Before resorting to spanking, step back and give yourself a time out. When I’ve felt the pull to spank my kids, I walked away a few times to keep myself from going ballistic in front of them. Take two minutes and go to your room, breathe.
“Punishment” is most effective when natural consequences follow your child’s misbehavior. Rather than spank, enforce something that must happen because he misbehaved. Did he throw a tantrum and wreak havoc with his toys? Place those toys away because he has now lost the privilege of playing with them for a week.
Say no firmly.
We forget how powerful this method can be. Get down to your child’s eye level, pull on your serious face. And in a low, firm voice, correct his misbehavior.
Draw your child in.
Instead of a time out, have a time in. Engage with your child on why he misbehaved. Anger and threats hardly help my son calm down, nor do they teach him any useful lessons. I help him calm down and discuss his misbehavior by drawing him in.
Conversely, ignore your child.
Conversely, ignore your child. About to snap? It’s okay to ignore your child for a few minutes and tune him out. You’re human and are incapable of shielding yourself from the pull of your emotions. Wait for him (and yourself) to regain composure, even if you have to place him in a room or walk away.
Have age-appropriate expectations.
Sometimes I forget my kids are still kids.
Silly, I know, but when you’ve had 30+ years to hone life skills, it’s easy to assume our kids should too. But they’re kids, and wanting to make a beeline to the car is an impulse they have that we don’t. They’re living in the moment—we’re thinking of safety and danger.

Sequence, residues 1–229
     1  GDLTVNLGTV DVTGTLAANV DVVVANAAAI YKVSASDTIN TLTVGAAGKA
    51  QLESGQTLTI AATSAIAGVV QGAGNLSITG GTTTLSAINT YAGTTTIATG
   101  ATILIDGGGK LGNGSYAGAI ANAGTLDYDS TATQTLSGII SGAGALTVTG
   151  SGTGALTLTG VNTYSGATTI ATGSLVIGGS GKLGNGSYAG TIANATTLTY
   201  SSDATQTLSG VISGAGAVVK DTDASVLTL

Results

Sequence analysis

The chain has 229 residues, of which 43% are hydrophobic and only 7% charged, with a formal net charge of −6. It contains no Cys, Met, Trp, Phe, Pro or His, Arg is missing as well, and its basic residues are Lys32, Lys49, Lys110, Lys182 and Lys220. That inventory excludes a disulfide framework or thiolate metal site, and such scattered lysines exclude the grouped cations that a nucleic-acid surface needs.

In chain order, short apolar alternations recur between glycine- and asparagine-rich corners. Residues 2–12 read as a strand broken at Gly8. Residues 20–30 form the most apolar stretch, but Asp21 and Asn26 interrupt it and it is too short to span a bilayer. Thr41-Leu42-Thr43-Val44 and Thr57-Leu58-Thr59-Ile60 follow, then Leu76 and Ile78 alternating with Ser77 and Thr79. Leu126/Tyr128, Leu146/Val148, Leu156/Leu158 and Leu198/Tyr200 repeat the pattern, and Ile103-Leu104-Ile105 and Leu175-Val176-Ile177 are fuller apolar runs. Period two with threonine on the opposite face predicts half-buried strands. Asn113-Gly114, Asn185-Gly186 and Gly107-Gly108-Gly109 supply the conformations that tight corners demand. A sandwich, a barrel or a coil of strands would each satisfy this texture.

Instead, hold tight to your child’s hands when crossing the street. We can prevent many spanking-instigated episodes when we remember their developmental stages and ages.
Was it your fault?
You just noticed your son got his hands on the kitchen knife. A few seconds late and he could have sliced his fingers, sending you to the emergency room. You’re filled with fear and frustration all jumbled together and are ready to spank.
But take a step back: Why was the knife there? It’s unlikely your son climbed onto the kitchen stool and unlocked the safety latches. No, you probably left it there within his easy reach. Teach him a lesson on safety, but sometimes we’re the ones that could use a reminder too.
Sounds like work, doesn’t it? But that’s the point. Spanking is a one-time deal that resolves the issues that moment. But you child doesn’t learn much moving forward.
Understanding our kids and using the opportunity to teach is more effective. Kids will think for themselves and make calculated decisions with your guidance. They’ll understand not only that they shouldn’t misbehave, but also why. And it shouldn’t be out of fear of getting spanked.
Want to read more? Check out these related topics:
- How to Be the “Bad Guy” and Still Parent Effectively
- How to Avoid Saying Yet Another Empty Threat
- The Difference between Distraction and Redirection (and Why I Prefer One Over the Other)
- Do You Tell Your Kids ‘No’ Too Often?
- Before You Get Mad at Your Kids, Read This:
What do you think of spanking? What are your reasons for doing so or not doing so? Have you found them effective? What other ways can parents discipline without spanking? Let me know in the comments.